4
votes
1answer
264 views

Firing machine question

Suppose we have a firing machine on a frictionless surface at point $x=0$. It fires a bullet of mass $m$ every $T$ seconds. Each bullet has the same constant velocity $v_0$. There's a body of mass ...
4
votes
2answers
240 views

Two-body problem questions

I am self studying the two body problem and I'm stuck on the following: I have given $$\ddot{\vec{x}}_1= - G m_2 \frac{\vec{x}_1-\vec{x}_2}{|\vec{x}_1-\vec{x}_2|^3}$$ and $$\ddot{\vec{x}}_2= - G ...
2
votes
1answer
482 views

Quantum mechanical analogue of conjugate momentum

In classical mechanics, we define the concept of canonical momentum conjugate to a given generalised position coordinate. This quantity is the partial derivative of the Lagrangian of the system, with ...
2
votes
1answer
406 views

Single photon's effect on conservation of momentum?

When your looking at basic Compton theory you find that if you shoot a stream of photons at a particle (usually atoms or electrons), then you have the basic laws of conservation of momentum. The ...
2
votes
1answer
285 views

Fundamental properties of motion

The first paragraph of the Wikipedia article on the angular momentum operator states that In both classical and quantum mechanical systems, angular momentum (together with linear momentum and ...
-1
votes
1answer
98 views

Determine KE of electron given momentum & mass [closed]

Some info: wavelength of electron: $2.78 \times 10^{-10}$ momentum of electron: $2.38 \times 10^{-24}$ Determine KE of electron. In a provided hint: $KE = \frac{p^2}{2m}$. So I have: $$KE = ...
0
votes
5answers
686 views

Why is momentum conserved (or rather what makes an object carry on moving infinitely)?

I know this is an incredibly simple question, but I am trying to find a very simple explanation to this other than the simple logic that energy is conserved when two items impact and bounce off each ...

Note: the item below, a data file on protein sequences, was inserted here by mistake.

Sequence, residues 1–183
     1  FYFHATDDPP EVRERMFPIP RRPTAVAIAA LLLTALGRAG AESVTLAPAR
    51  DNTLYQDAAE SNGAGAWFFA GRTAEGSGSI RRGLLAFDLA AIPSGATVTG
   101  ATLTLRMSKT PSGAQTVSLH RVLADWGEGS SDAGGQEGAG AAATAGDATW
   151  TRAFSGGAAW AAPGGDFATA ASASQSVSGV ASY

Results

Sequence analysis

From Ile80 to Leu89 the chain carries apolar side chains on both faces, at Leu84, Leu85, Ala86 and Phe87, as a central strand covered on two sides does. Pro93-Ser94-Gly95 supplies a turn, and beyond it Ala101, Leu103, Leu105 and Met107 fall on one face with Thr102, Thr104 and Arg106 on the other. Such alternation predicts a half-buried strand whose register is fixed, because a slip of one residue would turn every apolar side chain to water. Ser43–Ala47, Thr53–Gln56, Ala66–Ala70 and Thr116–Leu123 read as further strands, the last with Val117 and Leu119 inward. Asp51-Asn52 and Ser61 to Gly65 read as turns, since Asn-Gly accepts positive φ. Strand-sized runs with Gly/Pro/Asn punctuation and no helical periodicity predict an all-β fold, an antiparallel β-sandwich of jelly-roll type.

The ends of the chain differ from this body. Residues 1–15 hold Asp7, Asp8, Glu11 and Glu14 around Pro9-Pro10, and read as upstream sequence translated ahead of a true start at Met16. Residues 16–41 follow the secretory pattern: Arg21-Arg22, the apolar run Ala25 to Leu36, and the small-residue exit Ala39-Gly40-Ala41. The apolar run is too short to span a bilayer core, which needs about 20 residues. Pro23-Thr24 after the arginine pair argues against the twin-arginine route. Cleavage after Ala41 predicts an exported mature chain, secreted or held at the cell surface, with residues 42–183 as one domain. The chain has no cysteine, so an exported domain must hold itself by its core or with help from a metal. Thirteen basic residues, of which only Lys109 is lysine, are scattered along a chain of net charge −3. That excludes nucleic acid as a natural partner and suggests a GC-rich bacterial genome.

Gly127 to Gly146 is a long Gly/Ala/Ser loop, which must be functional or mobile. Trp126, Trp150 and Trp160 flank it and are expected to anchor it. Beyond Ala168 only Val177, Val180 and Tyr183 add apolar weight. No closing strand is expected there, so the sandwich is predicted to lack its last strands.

0
votes
1answer
187 views

Newton's second law?

$F=ma$. A car strikes a wall at 60 mph. Its acceleration is zero at the time. The force of the car against the wall or vice versa is? To look at the car the force is not zero. Please explain.
3
votes
2answers
2k views

Why is momentum conserved when a ball hits a vertical wall?

Almost in every book on physics, there's an example of conservation of momentum when the ball that is moving horizontally in the air, hits some massive wall. They claim that the return speed of the ...
4
votes
2answers
292 views

Conservation of Linear Momentum at the point of collision

This is a pretty basic conceptual question about the conservation of linear momentum. Consider an isolated system of 2 fixed-mass particles of masses $m_1$ and $m_2$ moving toward each other with ...
1
vote
2answers
278 views

effect of vertical collision on kinetic friction and subsequent change in horizontal velocity

Suppose somehow a block of mass $m$ is moving on ground, and the coefficient of kinetic friction between the block and the block is $\mu_k$. If I drop a tennis ball(of same mass) on it from a ...
0
votes
2answers
90 views

Minimum $E$ of $p\bar{p}$-collision for $q\bar{q}$ pair with mass $m_q$

I am currently working out the energy required to create a particle anti-particle pair from a collision of a proton travelling along the x-direction with an anti-proton which is at rest. The particle ...
2
votes
2answers
424 views

Movement of man and ladder and their center of mass

Suppose there is a massless frictionless pulley. A rope over it carries a mass $M$ and on other side carries a ladder of mass $(M-m)$ and a man on that ladder, of mass $m$. Now the man starts ...
3
votes
3answers
346 views

Where do the conservation laws come from?

I know the conservation of energy comes from Noether's theorem via the time-translational symmetry, and if I remember correctly, the conservation of momentum comes from space-translational symmetry. ...
0
votes
0answers
72 views

Need help with relativistic dynamics

I understand the concept, but I'm having a hard time applying the consequences of conservation (energy/momentum). For example: A proton with kinetic energy 437 MeV hits a proton at rest elastically ...
2
votes
3answers
320 views

How does the solar sailing concept work?

Wikipedia describes solar sailing as a form of spacecraft propulsion using a combination of light and high speed ejected gasses from a star to push large ultra-thin mirrors to high speeds. I ...
2
votes
1answer
292 views

Relativistic kinematics of particle decay

Suppose a particle decays to three other particles. The masses of all particles are assumed to be known and we work in the rest frame of the parent particle. So there are 12 parameters for this ...
1
vote